Recently while reading an online guitar magazine, I saw an ad for a guitar which claimed it was the result of an amazing innovative design. Although the guitar did in fact have one fairly innovative feature, I began thinking about the history of the guitar and the innovative features that got us to today’s guitar models.
This then, is a first in a series on guitar innovation. Guitars, lutes and other stringed instruments similar to guitars existed long before the point I am starting this series. For example, the guitar in the painting (see image to left) is both recognizable as a guitar and yet is clearly not a “modern” guitar. I am choosing a somewhat arbitrary place in time but one that makes sense. It is the beginning of the “modern” guitar and the time frame is the mid-nineteenth century.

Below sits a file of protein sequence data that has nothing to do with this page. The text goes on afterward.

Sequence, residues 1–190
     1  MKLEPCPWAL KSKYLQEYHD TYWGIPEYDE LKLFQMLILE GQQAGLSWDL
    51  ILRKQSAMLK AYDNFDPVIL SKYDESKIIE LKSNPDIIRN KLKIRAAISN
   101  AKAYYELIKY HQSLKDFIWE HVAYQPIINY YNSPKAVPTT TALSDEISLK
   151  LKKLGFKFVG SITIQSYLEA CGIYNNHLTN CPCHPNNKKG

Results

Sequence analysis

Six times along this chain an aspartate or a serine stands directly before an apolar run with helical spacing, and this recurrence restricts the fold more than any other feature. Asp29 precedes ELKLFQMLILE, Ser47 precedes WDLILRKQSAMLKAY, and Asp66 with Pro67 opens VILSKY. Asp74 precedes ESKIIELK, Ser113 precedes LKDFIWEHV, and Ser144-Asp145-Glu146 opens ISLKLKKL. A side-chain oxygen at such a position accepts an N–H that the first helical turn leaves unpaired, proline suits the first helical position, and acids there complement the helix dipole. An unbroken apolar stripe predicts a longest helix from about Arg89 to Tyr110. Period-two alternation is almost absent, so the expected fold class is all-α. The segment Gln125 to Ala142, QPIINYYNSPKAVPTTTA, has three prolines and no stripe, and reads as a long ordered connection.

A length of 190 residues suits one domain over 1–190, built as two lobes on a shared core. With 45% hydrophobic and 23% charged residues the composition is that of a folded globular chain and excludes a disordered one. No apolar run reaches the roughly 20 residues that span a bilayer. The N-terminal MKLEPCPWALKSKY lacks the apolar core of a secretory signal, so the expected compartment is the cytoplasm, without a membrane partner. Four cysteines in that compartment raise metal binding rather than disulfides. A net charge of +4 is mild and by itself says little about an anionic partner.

The Modern Guitar Takes Shape
Visit a museum or read a book about the history of the guitar and you will see early instruments that you can identify as guitar-like yet clearly are not modern instruments. Guitars that we can identify as “modern” evolved in the late 19th century due to the experimentation of Torres. The size and shape of the Torres guitar, though perhaps slightly smaller than some of today’s classical guitars, is recognizable as a “modern” guitar and not a renaissance instrument. Among his innovations are making the top thinner, using fan bracing and making the top and back slightly arched. The size and shape were widely adapted and Martin 00 sized guitars are similar in size and shape.